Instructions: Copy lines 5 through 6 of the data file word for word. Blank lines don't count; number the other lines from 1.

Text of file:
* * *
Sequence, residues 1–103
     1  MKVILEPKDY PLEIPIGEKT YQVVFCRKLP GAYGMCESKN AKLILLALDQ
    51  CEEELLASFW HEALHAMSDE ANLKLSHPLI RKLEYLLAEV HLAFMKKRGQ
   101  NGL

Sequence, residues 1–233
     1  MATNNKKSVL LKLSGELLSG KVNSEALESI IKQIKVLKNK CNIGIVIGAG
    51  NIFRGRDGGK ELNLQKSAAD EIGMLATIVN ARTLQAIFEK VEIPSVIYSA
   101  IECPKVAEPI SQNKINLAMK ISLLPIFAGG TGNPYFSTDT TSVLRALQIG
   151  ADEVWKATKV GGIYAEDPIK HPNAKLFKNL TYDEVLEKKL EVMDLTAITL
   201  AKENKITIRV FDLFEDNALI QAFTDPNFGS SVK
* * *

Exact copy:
Sequence, residues 1–233
     1  MATNNKKSVL LKLSGELLSG KVNSEALESI IKQIKVLKNK CNIGIVIGAG